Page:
Testicular Cancer: Risks Factors, Symptoms and Treatment

Testicular cancer that starts in one or both of the males testes. testicles are the male reproductive glands situated in your scrotum, which is the skin bag located below your penis. Your testicles are responsible for both sperm production and testosterone hormone. (1) (2)

Testicular cancer most often starts with germ cell modifications. Those are the cells in your testes that produce sperm. These germ cell tumors represent more than 90 percent cancer of the testicles.

There are two main types of germ cell tumors:

  • Seminomas are testicular cancers and develop slowly. They are generally confined to your testicles, but your lymph nodes may be involved as well.
  • Nonseminomas are the most commonly occurring form of testicular cancer. It develops more rapidly and can spread to other parts of your body.

Testicular cancer may also occur in tissues which produce hormones. They are known as gonadal stromal tumors.

Testicular cancer is the most frequently diagnosed cancer among men aged 15 to 35, but it is possible to happen at any age. It is also one of the more treatable cancers, although it is widespread in other regions.

In the opinion of the American Cancer Society, for people who have early stages testicular cancer, the five-year survival ratio is higher than 95 percent.

Risk factors for testicular cancer

The risk factors that may increase your risk for testicular cancer are as follows:

  • with a family history of the condition
  • having abnormally developed testicular
  • be of Caucasian origin
  • cryptorchidism

Symptoms of testicular cancer

Some men do not have any symptoms when they receive a diagnosis of testicular cancer. As symptoms develop, they may include:

  • testicular pain
  • testicular swelling
  • lower abdominal pain
  • back pain
  • breast tissue enlargement

Visit your physician if you experience any of these symptoms.

How is testicular cancer diagnosed?

Tests your physician can be used for diagnosis testicular cancer can include:

  • a physical examination, which may reveal any testicular defects, such as lumps or swelling.
  • an ultrasound to look at the inner structure of the testicles.
  • blood tests known as tumor marker tests, which may have high levels of substances associated with testicular cancer, such as alpha-fetoprotein or beta-human chorionic gonadotropin.

If your physician suspects cancer, it may be necessary to collect your entire testis to obtain a tissue sample. This may not be done when your testis is still in the scrotum because it can induce cancer through the scrotum.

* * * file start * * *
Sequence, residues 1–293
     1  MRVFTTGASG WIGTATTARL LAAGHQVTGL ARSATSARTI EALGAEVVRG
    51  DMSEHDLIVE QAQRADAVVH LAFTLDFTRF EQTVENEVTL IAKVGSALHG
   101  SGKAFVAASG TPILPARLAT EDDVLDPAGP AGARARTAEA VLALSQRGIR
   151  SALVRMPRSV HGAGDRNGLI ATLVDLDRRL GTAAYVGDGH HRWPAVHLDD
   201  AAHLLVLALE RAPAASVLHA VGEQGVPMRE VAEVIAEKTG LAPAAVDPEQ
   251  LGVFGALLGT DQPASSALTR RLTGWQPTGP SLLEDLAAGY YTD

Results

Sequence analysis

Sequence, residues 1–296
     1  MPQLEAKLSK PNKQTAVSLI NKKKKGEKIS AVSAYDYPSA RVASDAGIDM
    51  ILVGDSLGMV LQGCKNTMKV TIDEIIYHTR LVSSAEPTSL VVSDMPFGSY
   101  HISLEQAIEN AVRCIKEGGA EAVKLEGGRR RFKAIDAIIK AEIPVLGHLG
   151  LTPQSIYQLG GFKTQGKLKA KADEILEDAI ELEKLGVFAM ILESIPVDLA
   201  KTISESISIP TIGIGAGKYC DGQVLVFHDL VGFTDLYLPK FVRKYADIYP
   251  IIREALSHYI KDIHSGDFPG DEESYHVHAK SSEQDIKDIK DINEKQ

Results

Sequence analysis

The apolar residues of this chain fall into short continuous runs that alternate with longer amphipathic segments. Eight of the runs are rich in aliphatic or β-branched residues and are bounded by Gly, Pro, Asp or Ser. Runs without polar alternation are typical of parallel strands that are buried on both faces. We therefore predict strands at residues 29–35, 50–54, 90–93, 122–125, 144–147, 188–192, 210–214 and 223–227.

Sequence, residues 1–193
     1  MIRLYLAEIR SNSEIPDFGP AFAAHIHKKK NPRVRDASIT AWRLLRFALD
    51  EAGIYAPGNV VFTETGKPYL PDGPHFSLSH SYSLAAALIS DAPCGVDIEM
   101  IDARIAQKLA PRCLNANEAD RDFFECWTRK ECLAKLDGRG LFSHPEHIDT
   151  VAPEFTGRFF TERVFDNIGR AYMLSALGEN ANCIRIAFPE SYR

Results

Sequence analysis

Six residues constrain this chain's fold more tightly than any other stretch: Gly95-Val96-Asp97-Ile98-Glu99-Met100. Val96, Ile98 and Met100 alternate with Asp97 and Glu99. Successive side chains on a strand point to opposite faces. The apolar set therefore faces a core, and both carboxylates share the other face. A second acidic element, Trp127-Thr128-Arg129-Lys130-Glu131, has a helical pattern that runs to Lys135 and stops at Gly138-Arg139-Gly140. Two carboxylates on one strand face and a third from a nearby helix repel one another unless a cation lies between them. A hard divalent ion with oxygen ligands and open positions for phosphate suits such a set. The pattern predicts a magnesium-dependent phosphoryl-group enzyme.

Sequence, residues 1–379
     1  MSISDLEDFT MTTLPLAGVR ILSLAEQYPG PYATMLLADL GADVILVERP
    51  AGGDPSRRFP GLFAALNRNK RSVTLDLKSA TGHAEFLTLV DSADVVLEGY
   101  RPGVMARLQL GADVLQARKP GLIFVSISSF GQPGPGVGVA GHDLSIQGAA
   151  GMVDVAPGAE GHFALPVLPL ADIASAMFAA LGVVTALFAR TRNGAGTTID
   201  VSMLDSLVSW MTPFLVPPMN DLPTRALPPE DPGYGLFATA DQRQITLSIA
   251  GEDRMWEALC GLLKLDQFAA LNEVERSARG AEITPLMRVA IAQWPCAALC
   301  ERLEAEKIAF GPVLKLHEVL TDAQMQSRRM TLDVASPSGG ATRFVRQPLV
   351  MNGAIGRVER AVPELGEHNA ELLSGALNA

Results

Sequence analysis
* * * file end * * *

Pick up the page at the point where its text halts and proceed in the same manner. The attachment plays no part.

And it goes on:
Once diagnosed, tests like pelvic and abdominal CT scans will be conducted to determine if the cancer has spread elsewhere. It is known as staging.

The stages in testicular cancer include:

  • Stage 1 is only in testicle.
  • Stage 2 spread to the lymphatic glands of the abdomen.
  • Stage 3 became widespread in other parts of the body. This type of cancer is widely distributed in the lungs, liver, brain and bones.

Cancer is also classified in terms of its expected response to treatment. The prospects may be good, intermediary or bad.

Treating testicular cancer

There are 3 general types of treatment for testicle cancer. According to the stage of your cancer, you may receive one or more treatments. (2)


Surgery is for the removal of one or both testes and some surrounding lymph nodes at the same stage as treating cancer.

Radiation therapy

Radiotherapy uses high-power radiation to destroy cancer cells. It can be administered externally as well as internally.

External radiation is a device that directs radiation to the cancer zone or area. Internal radiation includes the use of radioactive seeds or wires located in the impacted area. This form often succeeds in the treatment of seminomas.


Chemotherapy uses medicines to kill cancerous cells. This is systemic treatment, which means it can kill the cancerous cells that have moved to other parts of your body. When taken by mouth or across the veins, It may travel in your blood to kill cancerous cells.

In the highly advanced testicular cancer cases, high-dose chemotherapy can be followed up with stem cell transplantation. After chemotherapy destroys cancer cells, stem cells are administered and converted into healthy bloodcells.

Complications of testicular cancer

Although testicular cancer is a very treatable cancer, it may still spread to other areas of your body. If one or both testes are removed, your fertility can be affected as well. Before you begin treatment, check with your physician about the options available to you to maintain your fertility.

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